Academic journal article The Journal of Southern History

The Structure of Time: Pike County, Mississippi, 1815-1912

Academic journal article The Journal of Southern History

The Structure of Time: Pike County, Mississippi, 1815-1912

Article excerpt

The Structure of Time: Pike County, Mississippi, 1815-1912. By Martin J. Hardeman. Modern American History: The United States since 1865, Vol. 2. (New York and other cities: Peter Lang, c. 1999. Pp. xiv, 168. $43.95, ISBN 0-8204-3885-5.)

The story that Martin J. Hardeman tells in The Structure of Time--despite the analytical sophistication suggested by the book and chapter titles, and despite the intensive research in local newspapers and relevant government documents conducted by the author--primarily unfolds as a simple narrative about an unremarkable place. In the early nineteenth century, as the cotton kingdom extended its reach into Mississippi, the self-sufficient folk of Pike County gave way to commercial farmers. The number of slaves increased with crop production, until slaves comprised nearly 45 percent of the population by 1860. A significant number of Pike County males were convinced that secession and war were preferable to union and took up their muskets to fight on distant battlefields. Those who returned used violence and intimidation to reestablish their political power. Pike County, like the rest of the South, also experienced significant change during the 1880s: railroads and other signposts of the emerging American commercial order appeared, and a new generation of men assumed power through attrition and guile. As Hardeman notes, "their dreams of cotton mills in Magnolia or McComb and frugal agrarian immigrants in the countryside were the stuff of the New South" (p. 98).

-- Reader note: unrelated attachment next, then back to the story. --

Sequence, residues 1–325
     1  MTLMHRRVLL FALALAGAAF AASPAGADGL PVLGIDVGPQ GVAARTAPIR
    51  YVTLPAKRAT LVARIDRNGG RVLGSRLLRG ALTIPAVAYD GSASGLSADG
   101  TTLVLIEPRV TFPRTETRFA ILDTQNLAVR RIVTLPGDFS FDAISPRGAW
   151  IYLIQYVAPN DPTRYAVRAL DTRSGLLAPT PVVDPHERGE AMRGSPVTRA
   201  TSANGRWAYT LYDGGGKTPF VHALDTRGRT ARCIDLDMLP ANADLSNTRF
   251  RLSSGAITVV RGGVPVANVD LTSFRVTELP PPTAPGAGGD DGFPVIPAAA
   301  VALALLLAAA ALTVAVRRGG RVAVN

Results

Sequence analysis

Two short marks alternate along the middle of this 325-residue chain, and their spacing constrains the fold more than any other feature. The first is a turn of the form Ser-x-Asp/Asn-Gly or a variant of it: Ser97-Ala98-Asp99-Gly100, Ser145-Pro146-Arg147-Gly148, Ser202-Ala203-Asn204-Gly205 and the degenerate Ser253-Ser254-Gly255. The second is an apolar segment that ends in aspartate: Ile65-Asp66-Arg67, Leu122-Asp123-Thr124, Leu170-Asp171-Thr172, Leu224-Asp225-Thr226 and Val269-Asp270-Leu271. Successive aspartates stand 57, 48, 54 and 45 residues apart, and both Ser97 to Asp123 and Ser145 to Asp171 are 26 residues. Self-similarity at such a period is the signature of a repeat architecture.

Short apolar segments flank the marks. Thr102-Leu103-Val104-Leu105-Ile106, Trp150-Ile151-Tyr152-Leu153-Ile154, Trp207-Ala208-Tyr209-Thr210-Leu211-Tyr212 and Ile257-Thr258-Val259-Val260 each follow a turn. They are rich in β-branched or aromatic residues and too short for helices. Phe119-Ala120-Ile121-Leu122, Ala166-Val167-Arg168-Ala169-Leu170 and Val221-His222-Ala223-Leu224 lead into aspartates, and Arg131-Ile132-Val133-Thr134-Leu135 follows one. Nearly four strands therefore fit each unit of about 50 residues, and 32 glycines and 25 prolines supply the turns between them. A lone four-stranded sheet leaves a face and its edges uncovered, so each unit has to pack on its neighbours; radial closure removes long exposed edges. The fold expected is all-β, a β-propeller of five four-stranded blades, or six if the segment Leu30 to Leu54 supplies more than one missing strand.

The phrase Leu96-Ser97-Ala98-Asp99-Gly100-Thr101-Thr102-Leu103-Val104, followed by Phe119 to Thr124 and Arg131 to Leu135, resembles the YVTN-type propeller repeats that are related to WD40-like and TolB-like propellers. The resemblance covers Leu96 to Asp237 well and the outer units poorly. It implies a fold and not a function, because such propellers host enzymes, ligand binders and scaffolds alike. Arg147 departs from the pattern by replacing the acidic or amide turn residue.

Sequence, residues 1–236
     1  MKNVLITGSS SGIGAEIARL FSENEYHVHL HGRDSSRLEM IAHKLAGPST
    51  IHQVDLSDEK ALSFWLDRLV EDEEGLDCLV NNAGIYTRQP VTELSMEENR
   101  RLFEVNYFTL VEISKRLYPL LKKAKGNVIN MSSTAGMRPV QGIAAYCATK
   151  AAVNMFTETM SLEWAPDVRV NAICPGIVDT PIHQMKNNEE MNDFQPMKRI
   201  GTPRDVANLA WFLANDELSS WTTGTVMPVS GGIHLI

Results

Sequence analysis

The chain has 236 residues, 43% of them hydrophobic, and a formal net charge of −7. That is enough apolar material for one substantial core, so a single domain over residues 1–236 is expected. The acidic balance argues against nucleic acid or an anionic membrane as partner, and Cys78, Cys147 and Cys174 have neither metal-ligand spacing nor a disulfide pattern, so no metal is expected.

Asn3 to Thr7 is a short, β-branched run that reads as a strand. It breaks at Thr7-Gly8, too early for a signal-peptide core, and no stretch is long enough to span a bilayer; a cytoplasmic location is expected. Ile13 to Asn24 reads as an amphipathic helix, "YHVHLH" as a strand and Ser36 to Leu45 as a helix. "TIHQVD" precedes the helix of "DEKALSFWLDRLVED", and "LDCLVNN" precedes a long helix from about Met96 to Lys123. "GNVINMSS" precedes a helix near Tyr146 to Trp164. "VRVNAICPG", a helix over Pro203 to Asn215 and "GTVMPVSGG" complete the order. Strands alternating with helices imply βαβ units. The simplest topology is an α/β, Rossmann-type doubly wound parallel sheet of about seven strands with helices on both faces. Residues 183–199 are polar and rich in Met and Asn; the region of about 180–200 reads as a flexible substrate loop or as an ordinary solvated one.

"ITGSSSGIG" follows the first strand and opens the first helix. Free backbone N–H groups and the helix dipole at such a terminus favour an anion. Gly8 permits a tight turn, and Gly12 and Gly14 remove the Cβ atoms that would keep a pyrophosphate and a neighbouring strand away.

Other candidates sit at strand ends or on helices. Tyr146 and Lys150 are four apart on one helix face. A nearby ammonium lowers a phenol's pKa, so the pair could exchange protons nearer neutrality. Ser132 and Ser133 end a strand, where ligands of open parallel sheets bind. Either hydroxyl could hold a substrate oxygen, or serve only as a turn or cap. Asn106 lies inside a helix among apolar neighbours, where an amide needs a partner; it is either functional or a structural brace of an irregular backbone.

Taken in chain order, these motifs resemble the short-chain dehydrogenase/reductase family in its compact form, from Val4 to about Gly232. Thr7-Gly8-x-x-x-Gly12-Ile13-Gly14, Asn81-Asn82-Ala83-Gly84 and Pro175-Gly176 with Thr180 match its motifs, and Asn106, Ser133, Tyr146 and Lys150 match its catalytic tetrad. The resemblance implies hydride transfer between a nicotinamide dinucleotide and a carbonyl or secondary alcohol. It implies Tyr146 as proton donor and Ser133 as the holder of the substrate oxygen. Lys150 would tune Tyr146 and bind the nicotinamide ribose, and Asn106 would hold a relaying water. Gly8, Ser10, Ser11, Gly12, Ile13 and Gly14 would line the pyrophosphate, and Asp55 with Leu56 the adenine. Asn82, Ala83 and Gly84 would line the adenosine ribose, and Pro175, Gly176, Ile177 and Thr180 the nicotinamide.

The demise of old forms of social and political solidarity within Pike County were signaled by truck farming, an increasingly heterogeneous population, the formation of a middle class, the appearance of a vocal prohibition movement, and an emerging conflict between town and country. …

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